Mr. Horam: The Command Paper "The Civil Service: Taking Forward Continuity and Change (CM 2748)" indicated the Government's intention to reinforce the principle of selection on merit and to enhance the role of the independent civil service commissioners. The approval of the Privy Council is currently being sought to a revised civil service Order in Council to give effect to these new recruitment arrangements. Copies will be placed in the Library of the House. From 1 May 1995 the civil service commissioners will be responsible for interpreting the fundamental principle
Column 383of selection on merit on the basis of fair and open competition for all civil service recruitment, including the circumstances in which exceptions to the principle can be made within the parameters of the Order in Council; publishing a simple, but binding, recruitment code; auditing departments' and agencies' systems for compliance with their recruitment code and publishing on account of their audit in their annual report. They will continue to approve appointments from outside the civil service to the new senior civil service, but not to appointments immediately below that level and to the fast stream entries. Such appointments, like all other recruitment, will be subject to the commissioners' new recruitment code.
Departments and agencies will be required to publish information about their recruitment systems and their use of the permitted exceptions to fair and open competition. This will make information available publicly about recruitment to the civil service and the extent to which exceptions to the recruitment principle are made, apart from very short-term appointments.
Making these changes now does not, of course, prejudice the commitment in the Command Paper to consider legislation on the civil service to put the powers of the civil service commissioners and the Minister for the Civil Service on a statutory basis at a later date.
Mr. Chidgey: To ask the Chancellor of the Duchy of Lancaster what measures he is taking to combat sickness absenteeism in (a) the Recruitment and Assessment Services Agency, (b) the Civil Service Occupational Health Service, (c) Chessington Computer Centre and (d) the Central Office of Information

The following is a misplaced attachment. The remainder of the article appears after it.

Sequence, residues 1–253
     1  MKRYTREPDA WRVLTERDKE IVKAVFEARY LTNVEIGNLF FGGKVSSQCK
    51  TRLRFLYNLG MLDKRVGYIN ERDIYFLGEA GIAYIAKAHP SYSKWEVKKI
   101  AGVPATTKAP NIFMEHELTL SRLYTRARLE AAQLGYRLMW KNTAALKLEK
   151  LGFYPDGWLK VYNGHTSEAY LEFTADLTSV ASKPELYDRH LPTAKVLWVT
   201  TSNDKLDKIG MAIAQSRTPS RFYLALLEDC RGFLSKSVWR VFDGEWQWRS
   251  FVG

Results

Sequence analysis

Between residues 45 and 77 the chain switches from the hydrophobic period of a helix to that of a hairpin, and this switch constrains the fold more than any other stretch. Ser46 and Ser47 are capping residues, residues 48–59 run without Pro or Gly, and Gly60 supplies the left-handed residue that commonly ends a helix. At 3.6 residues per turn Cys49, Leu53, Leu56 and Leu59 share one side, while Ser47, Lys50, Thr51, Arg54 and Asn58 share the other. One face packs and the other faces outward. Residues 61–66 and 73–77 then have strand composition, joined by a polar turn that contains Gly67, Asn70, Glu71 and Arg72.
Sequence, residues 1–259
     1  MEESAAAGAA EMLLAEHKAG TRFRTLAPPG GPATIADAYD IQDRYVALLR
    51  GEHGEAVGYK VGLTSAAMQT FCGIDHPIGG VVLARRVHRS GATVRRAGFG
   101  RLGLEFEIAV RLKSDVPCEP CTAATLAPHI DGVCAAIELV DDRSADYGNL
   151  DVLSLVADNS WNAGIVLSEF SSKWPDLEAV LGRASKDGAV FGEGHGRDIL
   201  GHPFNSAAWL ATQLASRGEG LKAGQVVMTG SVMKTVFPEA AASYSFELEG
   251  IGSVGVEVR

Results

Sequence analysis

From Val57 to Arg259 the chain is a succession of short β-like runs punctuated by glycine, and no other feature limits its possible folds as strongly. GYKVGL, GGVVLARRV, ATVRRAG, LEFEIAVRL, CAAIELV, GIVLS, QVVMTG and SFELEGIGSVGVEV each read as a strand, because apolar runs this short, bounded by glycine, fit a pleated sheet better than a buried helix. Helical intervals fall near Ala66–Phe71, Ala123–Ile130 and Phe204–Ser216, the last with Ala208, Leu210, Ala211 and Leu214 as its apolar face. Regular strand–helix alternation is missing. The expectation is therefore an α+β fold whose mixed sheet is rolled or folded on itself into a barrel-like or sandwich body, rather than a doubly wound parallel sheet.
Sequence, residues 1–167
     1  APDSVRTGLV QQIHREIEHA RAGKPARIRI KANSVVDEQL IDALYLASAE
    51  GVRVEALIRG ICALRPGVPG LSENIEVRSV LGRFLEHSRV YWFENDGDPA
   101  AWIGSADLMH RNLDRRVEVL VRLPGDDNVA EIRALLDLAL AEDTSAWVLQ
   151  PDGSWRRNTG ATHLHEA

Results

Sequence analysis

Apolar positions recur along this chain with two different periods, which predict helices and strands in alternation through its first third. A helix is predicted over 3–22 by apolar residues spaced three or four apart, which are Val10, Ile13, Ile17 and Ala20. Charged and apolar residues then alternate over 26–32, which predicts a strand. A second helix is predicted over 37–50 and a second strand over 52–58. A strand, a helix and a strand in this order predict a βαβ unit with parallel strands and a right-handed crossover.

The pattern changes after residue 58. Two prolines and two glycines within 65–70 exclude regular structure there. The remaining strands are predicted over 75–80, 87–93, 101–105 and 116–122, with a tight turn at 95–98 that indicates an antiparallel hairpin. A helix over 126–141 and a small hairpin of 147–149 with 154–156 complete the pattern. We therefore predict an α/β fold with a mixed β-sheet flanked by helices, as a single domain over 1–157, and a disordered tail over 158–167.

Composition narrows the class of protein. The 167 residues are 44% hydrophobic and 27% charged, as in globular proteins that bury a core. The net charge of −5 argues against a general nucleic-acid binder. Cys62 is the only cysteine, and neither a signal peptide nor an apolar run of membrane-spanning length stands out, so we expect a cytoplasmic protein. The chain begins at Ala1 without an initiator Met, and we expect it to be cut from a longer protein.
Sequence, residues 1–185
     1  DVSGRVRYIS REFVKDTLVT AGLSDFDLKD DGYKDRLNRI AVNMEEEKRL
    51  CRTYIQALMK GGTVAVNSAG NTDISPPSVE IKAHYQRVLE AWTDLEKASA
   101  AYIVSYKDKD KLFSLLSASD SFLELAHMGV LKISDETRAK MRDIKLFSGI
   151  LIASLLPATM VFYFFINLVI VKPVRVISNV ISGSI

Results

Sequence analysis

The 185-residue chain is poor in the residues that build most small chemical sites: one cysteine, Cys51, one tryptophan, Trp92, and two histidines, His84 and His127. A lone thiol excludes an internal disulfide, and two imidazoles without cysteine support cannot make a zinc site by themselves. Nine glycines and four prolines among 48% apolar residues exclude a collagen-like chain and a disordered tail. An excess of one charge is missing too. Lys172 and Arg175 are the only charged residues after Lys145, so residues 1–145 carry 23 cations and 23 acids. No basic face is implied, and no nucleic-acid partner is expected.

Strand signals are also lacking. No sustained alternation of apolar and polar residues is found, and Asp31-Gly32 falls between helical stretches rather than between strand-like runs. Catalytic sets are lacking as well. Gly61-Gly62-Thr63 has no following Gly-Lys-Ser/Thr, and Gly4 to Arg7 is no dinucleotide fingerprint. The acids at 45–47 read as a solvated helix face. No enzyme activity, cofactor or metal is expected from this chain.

Mr. David Hunt: Management of sickness absence at next steps agencies is the responsibility of chief executives. I have therefore referred the hon. Member's question to the chief executives of the four agencies concerned, who will be writing to him separately. Letter from Thea Harvey to Mr. David Chidgey, dated 9 March 1995:
Michael Geddes has asked me to reply to your PQ on sickness absence.
The Recruitment and Assessment Services Agency formally monitors the sickness absence level of its staff on a monthly basis.
However, the initial responsibility lies with line managers who are required to meet informally with staff when the attendance level is unsatisfactory.
If there is no improvement, formal procedures begin which, ultimately, would end with dismissal as a result of irregular attendance.
Letter from E. C. McCloy to Mr. David Chidgey, dated 8 March 1995:
Your question to the Chancellor of the Duchy of Lancaster on measures taken to combat sickness absence in the Civil Service Occupational Health Service has been referred to me to reply directly.
Hitherto, line managers initiated investigations on receipt of sickness absence records triggered from central records at Chessington at 14 days in 1 year for those under 45 years and 21 days in 1 year for those over 45 years.
Over the last year a small number of staff developed serious medical conditions which resulted in unavoidable long periods of absence. In a small agency, 120 full time staff, the effect of a few
Column 384individuals with long term absence on the overall percentage sickness absence can be misleading. In 1993, 75 staff had no recorded sickness absence. The corresponding figure for 1994 was 92. The apparent rise in percentage absence has led us to review our management procedures. Line managers will, in future, initiate informal review of absence after 7 days of self certificated absence or 14 days of certificated or combined certificated/self certificated absence in any one year.